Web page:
The Bob’s Burgers Movie REVIEW – Comfort Food

A super-sized portion of Belcher family hijinks that doesn’t shake up the recipe, but still satisfies.

The Bob's Burgers Movie
The Bob's Burgers Movie

After numerous delays due to a certain global pandemic, the lovable Belcher family of Bob’s Burgers are finally getting their overdue big screen moment, and the good news is they mostly make the jump with their comic rhythm and personalities intact.

The premise of The Bob’s Burgers Movie feels like a natural escalation of the usual misadventures of downbeat burger-slinger Bob Belcher (H. Jon Benjamin), his perpetual optimist wife Linda (John Roberts) and their family. An overdue loan puts the family business in jeopardy, and the problems are compounded by the sudden eruption of a sinkhole right in front of the family restaurant, scuppering Bob’s hope for a windfall of early Summer business.

As Summer approaches, oldest child Tina (Dan Mintz) is having second thoughts about her romantic crush, wondering if she really likes him or if she only likes the experience of having a crush. Middle child Gene (Eugene Mirman) is likewise having a crisis over whether he’s actually any good at music, regardless of how passionate he is. Louise (Kristen Schaal) has the inner turmoil that gets the most screentime, as she struggles with being called a baby by a spiteful classmate and tries to prove her maturity and bravery to herself.

Complications cascade as the kids and the parents embark on separate master plans to handle the sinkhole, ultimately leading the family to a deep, years-long conspiracy. Along for the ride are a number of side characters from the show’s deep bench, including slimy moneybags landlord Mr. Fischoeder (Kevin Klein), Mickey (John Q. Kubin) the former robber-turned-carnie, and the most realistic cop on TV, the cowardly and bungling Sgt. Bosco (Gary Cole). The movie actually shows tremendous restraint in not turning into a who’s who of all the fan favorites, keeping the scope squarely on the characters who have the most reason to be there. This does mean that some faves don’t make the cut or get much screen time, but the reasoning behind these narrative decisions always makes sense.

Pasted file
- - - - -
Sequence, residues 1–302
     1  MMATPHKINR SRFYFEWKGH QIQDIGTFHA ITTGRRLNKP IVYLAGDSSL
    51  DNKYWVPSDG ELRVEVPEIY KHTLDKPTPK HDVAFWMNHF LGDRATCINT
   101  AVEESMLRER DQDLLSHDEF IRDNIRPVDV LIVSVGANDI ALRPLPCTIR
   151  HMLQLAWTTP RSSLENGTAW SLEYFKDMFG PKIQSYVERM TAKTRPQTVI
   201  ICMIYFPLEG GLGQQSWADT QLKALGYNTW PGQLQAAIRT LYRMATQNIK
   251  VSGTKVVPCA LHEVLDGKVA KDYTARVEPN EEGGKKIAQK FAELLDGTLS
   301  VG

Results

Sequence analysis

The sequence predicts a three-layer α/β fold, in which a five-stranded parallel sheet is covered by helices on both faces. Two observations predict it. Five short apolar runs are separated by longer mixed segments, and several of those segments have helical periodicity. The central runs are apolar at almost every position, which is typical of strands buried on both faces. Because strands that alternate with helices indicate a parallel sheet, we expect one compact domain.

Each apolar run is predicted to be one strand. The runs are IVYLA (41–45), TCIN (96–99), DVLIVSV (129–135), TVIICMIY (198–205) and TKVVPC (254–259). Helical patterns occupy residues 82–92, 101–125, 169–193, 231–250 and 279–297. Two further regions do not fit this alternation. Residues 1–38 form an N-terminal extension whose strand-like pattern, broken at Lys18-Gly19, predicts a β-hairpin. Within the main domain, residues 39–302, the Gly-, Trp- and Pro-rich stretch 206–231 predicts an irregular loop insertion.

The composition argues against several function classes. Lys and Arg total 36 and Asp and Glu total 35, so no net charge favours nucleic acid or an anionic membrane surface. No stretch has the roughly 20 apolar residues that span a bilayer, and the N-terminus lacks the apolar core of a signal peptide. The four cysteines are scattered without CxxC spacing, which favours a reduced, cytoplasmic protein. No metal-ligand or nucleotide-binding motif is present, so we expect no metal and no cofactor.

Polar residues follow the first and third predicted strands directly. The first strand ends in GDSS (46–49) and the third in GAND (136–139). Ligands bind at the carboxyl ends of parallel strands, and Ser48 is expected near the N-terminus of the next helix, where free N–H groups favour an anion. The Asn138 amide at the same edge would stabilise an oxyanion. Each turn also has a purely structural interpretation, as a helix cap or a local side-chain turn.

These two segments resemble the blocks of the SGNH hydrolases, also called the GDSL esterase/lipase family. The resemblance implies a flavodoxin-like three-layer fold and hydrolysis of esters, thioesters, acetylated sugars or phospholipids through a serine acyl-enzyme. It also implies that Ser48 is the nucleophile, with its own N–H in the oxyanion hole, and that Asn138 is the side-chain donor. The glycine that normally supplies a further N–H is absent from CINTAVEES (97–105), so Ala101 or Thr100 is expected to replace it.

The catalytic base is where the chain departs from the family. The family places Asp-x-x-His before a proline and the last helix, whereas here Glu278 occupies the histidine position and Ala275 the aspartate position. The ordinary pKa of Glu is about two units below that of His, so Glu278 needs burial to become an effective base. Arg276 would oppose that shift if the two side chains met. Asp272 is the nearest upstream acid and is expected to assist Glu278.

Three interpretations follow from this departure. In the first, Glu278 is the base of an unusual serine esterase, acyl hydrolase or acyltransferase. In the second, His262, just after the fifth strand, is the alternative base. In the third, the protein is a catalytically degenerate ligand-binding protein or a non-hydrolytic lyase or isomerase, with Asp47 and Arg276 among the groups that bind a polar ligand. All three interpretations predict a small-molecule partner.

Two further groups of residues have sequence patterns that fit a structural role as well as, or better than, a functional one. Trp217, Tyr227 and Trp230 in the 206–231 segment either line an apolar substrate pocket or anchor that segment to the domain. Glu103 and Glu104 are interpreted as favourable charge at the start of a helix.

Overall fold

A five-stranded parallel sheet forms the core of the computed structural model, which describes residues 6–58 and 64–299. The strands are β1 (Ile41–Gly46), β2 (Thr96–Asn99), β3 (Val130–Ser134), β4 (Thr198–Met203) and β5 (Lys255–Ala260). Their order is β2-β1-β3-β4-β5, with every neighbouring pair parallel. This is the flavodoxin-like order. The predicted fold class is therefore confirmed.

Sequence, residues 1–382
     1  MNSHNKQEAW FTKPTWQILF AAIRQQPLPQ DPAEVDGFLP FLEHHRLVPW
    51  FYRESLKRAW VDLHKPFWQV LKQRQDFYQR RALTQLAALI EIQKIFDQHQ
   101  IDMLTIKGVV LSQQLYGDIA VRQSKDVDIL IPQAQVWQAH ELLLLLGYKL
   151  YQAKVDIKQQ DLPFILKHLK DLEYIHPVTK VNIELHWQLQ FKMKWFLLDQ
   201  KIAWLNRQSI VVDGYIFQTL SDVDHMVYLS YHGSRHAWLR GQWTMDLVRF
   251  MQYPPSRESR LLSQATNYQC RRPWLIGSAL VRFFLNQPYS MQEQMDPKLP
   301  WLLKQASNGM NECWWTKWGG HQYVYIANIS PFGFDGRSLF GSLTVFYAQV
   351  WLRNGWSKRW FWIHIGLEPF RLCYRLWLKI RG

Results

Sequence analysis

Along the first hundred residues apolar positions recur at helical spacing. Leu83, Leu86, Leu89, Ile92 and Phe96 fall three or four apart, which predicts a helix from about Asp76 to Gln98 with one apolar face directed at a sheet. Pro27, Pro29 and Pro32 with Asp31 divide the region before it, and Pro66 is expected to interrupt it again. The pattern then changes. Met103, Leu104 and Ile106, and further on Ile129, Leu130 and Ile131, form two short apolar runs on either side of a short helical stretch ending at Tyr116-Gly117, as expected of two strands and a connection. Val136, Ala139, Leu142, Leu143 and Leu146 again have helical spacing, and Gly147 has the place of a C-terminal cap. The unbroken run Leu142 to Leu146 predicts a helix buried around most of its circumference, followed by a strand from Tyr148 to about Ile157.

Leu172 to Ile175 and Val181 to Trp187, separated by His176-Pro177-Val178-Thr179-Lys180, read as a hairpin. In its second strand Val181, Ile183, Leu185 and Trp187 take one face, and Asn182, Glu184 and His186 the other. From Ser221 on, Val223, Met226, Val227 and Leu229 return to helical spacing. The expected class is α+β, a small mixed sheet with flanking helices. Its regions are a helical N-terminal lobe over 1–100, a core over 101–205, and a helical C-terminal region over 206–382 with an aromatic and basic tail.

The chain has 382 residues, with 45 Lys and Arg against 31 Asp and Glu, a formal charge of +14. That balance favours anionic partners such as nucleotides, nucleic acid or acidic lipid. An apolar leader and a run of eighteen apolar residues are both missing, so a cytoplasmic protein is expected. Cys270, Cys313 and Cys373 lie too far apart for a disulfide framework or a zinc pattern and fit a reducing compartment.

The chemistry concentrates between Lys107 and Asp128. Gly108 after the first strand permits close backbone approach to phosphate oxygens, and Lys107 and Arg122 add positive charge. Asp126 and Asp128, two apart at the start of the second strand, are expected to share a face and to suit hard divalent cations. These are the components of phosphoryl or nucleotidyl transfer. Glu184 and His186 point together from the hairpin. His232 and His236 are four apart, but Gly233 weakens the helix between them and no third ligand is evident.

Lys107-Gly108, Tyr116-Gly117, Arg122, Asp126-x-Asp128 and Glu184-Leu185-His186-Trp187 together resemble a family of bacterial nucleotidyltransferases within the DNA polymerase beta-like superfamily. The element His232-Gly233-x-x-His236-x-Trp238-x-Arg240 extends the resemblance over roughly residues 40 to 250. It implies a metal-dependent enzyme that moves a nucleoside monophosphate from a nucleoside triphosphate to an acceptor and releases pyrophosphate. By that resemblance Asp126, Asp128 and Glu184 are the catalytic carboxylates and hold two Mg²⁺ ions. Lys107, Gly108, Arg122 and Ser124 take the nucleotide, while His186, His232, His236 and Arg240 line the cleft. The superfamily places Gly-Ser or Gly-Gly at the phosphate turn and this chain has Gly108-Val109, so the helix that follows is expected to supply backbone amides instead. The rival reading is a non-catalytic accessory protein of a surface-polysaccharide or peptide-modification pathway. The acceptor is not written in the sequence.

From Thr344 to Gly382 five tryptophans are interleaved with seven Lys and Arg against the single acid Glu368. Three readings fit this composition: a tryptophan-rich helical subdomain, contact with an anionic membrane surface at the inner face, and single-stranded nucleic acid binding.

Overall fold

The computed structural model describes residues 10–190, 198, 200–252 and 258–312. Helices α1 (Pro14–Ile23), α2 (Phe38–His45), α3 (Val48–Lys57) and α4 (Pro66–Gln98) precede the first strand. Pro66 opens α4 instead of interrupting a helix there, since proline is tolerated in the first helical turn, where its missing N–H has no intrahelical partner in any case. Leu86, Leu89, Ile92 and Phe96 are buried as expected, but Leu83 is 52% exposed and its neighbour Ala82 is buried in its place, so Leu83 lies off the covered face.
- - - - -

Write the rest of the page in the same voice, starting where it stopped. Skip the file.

The plot does bear resemblance to a few previous episodes, and consequently it feels at times like The Bob’s Burgers Movie’s trying to rehash some of its greatest hits. However, when you’re working with a show that has such a high narrative batting average, similarity is not necessarily a bad thing. There’s enough new rhythm in here to keep the movie from feeling like a full retread.

The visuals here are entirely fresh and feature film animation money is on full display here, as the neighborhoods, school halls, and lush greenery all teem with detail and vibrant energy. Colors are bold and vivid, and characters’ movements are extremely fluid. Sometimes there’s an almost uncanny valley of the realistic motions being done by characters whose mouths make them look a little like 2D muppets, which doesn’t ruin the experience but does illustrate a curious way that animation can trick your brain – the shapes on-screen move like a human in a way that their cartoonified faces can’t match.

There are also a greater number of 3D assets, as opposed to the show’s usually predominantly 2D/drawn assets. It never overwhelms characters, but again, it’s intriguing to see when and where the increased budget manifests, such as the Belcher kids’ bikes suddenly being more weighty than the kids on them.

As bright and entrancing as these visuals are, the characters and the script keep pace with them at every step. The cast have had years to coalesce as an on-screen family unit, and that decade-plus of chemistry shines through here. Bob and Louise have the most prominent arcs, and Benjamin and Schaal make the absolute most of their time in the spotlight.

That’s not to say Bob’s Burgers has lost its charm – this movie is as gut-bustingly funny as the show has ever been. Jokes come constantly and from all angles, with heaps of puns, visual gags, and sibling one-upmanship. More sincere emotional moments still get room to breathe and make an impression, and the sincerity and the silliness work together in perfect balance.

There are also a few delightful musical numbers sprinkled throughout, a given for a series that has a history of stellar original songs. It’s slightly disappointing that these are mostly at the top of the film. A full-scale musical likely wouldn’t have been feasible, but the songs’ absence in the 2nd and 3rd acts is noticeable.

The Bob’s Burgers Movie may not push the envelope or push its characters into a brand new world, but it does deliver an exciting adventure that rockets through its runtime with no drag. It’s a story about how bad things will happen, and the importance of resilience in the face of inevitable setbacks. It’s sincere without being saccharine, heartfelt without being hokey, and a sure crowd-pleaser for fans and Bob’s Burgers newbies alike.

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The Bob's Burgers Movie
The Bob’s Burgers Movie leans into the series’ strengths and, while not pushing many new boundaries, still serves up a stylish, hilarious, and delightful adventure.